e.g., custom installations using narrow disc adapters or perhaps
tandems with very wide chain stays and larger gaps between the
stays and rotors. My own comfort zone is around 3mm - 5mm. As
already noted, you don't need a lot of space around the disc
rotor and stay, you just need enough. For me, and having gone
into this cold I've simply learned that not all I.S. disc hubs
are created equal and being off by .5mm where 1.5mm of spacing
is needed can grab your attention.
Moreover, and remembering that
my journal is intended to educate those who may venture down
a similar path in the future, the point in bringing up these
little nuances is to illustrate some of the things others might
want to take into consideration as they work up their specifications
with a dealer or builder, and/or what to think about as they
make certain component choices.
Again, there are work arounds
-- simple workarounds -- that would allow me to use the MI6 hub
on our Calfee if I was committed to keeping these wheels: a washer
between the hubs end cap and drop-out adds 1.0mm: problem solved.
Of course, I could also request a replacement hub that has the
exact I.S. spacing of 15.25mm.
Following publication of this edition of our Journal I have heard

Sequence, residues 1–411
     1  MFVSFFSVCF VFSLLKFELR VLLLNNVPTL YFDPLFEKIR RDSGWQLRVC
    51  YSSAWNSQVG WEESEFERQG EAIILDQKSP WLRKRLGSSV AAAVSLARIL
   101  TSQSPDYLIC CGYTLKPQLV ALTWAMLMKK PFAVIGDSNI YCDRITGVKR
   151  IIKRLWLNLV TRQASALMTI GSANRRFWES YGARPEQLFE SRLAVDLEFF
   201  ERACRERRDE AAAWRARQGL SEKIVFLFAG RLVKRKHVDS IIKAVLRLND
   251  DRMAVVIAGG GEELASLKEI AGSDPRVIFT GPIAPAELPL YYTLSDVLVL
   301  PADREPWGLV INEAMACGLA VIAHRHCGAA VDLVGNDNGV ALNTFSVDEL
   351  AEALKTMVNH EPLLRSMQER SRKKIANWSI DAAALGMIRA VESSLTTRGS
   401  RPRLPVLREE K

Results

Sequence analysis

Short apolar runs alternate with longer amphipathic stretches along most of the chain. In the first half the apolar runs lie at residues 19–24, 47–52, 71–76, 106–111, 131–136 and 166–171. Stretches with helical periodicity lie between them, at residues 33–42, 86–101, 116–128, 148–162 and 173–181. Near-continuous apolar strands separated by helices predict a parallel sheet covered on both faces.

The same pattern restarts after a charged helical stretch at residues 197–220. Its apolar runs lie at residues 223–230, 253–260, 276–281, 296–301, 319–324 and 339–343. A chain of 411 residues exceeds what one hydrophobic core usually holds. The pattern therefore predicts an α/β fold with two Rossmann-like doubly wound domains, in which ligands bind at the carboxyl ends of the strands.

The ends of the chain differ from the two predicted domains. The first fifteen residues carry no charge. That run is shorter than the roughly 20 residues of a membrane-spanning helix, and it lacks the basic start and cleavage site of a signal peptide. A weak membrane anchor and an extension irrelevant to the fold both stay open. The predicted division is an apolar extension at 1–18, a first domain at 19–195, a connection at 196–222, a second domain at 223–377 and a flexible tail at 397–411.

from other Calfee owners who have also experienced some very
tight quarters between the caliper, rotor, and stays. Calfee
states so long as the rotor is not rubbing no worries. However,
consumer perspective seems to be that it's disconerting to have
it that close and that invariably the rotor will chip any paint
on the inboard side of the left stay during rear wheel removal
Are these things normal
issues that come up with all tandems?
Hey, I've said before and I'll
it say again: custom and high-end tandems take a bit of a different
mindset than buying production models. You may think that it
shouldn't be that way, but it is. Custom and one-off tandems
are just that: one of a kind. They aren't built to suit a wide
range of potential buyers they're built for a specific client
and will often times have features that make them a bit different.
Frankly, I've been having a ball going through the discovery
process with the new tandem. It may not seem like that to some
readers, but to me there has been new knowledge and information
at every turn that has often times even challenged a lot of what
I thought I knew while searching for answers to my own questions,
e.g., low spoke wheel stiffness and their influence on handling,
Also, it's interesting to see
how new and different things work. For example, this is our third
road tandem with a rear disc and our fourth different rear disc
installation (our '02 Erickson started off with a Hope disc and
was converted to an Avid BB7 Road). Each of these installations
was a one-off custom job with all kinds of unique tweaks or machined
parts that made them work. Therefore, in looking at how this
particular disc installation was designed, it's really the first
one that really conforms to I.S. standards.
Am I happy about having to
use the thread-on disc adapter? Not really but, then again, I